Tips for Technology Scouting Programs
In a world of seemingly infinite knowledge, technology scouting holds great promise for companies looking to discover and unlock new sources of economic value. Innovation programs depend on scouting efforts to find enabling technologies that are actionable and pragmatic. Yet, too often, tech scouting produces a lot of information, but no clear path for moving forward. Low internal adoption rates may result from:
- Too many choices and an inability to sort through mountains of information
- A disconnect between the surfaced technologies and the problems that need to be solved
- A mismatch between existing in-house capabilities and the resources needed to adopt and develop selected new technologies
- Longer development time horizons that do not meet a need for near-term solutions
- An inability to secure business commitment because of unclear (or weak) alignment with market needs.
- These factors often present significant barriers to effective technology scouting programs.
Three common traps that hinder technology scouting efforts:
Imprecise Problem Framing. A poorly framed problem can diminish results, before the search is even underway. In short, you cannot find what you are looking for if you don’t know where to look. The most effect problem statements have a clear line of sight to market needs and reflect deeply rooted problems that hinder current system performance. These deeply rooted problems become the guideposts for effective external search. Their absence can lead to misguided efforts.
Unrealistic Expectations. Searching for “plug ‘n play” solutions, which in many cases do not exist, can lead to disappointing results. A pragmatic understanding of the adaptation requirements and associated time horizons is essential for effective scouting. In addition, sometimes companies define search outcomes in terms of potential development partners. Instead, the identification of partners should more logically come toward the end of a scouting program, once candidate technologies have been selected. Only then will it be clear as to what type of partners to search for (academic research, equipment companies, materials providers, SME’s, CRO’s, etc).
Inability to Interpret Results. Too much information and not enough insight leaves companies stuck on where to go next. It is essential to develop evaluation criteria that are linked both to performance parameters and the adaptation requirements needed for adoption. Technologies cannot be considered in isolation. This requires a realistic (and creative) view of how the technology will manifest in a product and the problems that must be overcome to adopt it into the target system.
Gen5 adheres to three guiding principles to help clients avoid the traps that can derail effective technology scouting efforts.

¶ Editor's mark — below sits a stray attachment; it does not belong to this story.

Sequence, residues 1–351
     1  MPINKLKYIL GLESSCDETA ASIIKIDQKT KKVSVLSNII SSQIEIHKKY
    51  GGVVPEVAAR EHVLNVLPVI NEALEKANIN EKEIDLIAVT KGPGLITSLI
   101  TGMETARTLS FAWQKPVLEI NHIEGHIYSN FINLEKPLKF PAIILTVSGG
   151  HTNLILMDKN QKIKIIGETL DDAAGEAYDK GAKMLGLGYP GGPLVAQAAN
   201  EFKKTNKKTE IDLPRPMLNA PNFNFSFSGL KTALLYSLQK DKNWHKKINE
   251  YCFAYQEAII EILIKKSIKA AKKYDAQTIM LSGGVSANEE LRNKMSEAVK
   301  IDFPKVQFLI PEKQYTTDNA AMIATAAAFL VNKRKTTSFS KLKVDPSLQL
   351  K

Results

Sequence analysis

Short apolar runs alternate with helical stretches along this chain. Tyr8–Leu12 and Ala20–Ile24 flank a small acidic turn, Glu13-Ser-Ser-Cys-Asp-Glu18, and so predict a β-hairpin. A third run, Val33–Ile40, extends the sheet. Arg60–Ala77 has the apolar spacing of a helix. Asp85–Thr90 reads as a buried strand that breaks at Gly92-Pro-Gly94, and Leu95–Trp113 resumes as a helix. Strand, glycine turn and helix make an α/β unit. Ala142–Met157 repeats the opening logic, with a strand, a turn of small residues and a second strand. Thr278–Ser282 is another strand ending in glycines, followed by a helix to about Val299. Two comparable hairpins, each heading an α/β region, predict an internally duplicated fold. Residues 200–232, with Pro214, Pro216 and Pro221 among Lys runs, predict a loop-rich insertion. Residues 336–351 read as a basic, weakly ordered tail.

- Function is our purpose, technology is a means to an end
Problem reframing is essential to effective technology scouting. Any technology search begins with an articulation of the parameters (MPV’s*) that define how value is created in a market. These parameters are translated into their functional underpinnings, which become the guideposts for external search. This functional lens ensures both depth (uncovering multiple avenues for attacking the target performance improvement) and breadth (exploring non-obvious domains for applicable technologies). By reframing the problem, Gen5 ensures a more effective and efficient search process to meet client needs.
- Technology search must be comprehensive, forward looking, and multidimensional
By comprehensive we mean that search should explore both commercially available solutions as well as those still in research. By forward looking, we consider not only what exists and what is needed today, but we also anticipate how systems (requirements) and technologies (enablers) will evolve in the future. By multidimensional, we acknowledge that in many cases no individual technology will meet all criteria and hybrid solutions (combinations of technologies) may be needed.
- Understanding adoption requirements is vital to practical outcomes
Arriving on a list of technologies alone is not a sufficient outcome for a technology scouting effort. Candidate technologies must be assessed in terms of both performance capacity (“how well will this technology meet my goals?”) and cost of adopting the technology into our system (“what headaches will I incur by implementing this technology?”). By stratifying solutions (individual technologies, as well as hybrid solutions) along these two dimensions, we can more clearly see cost-benefit tradeoffs and will be better positioned to make informed investment decisions.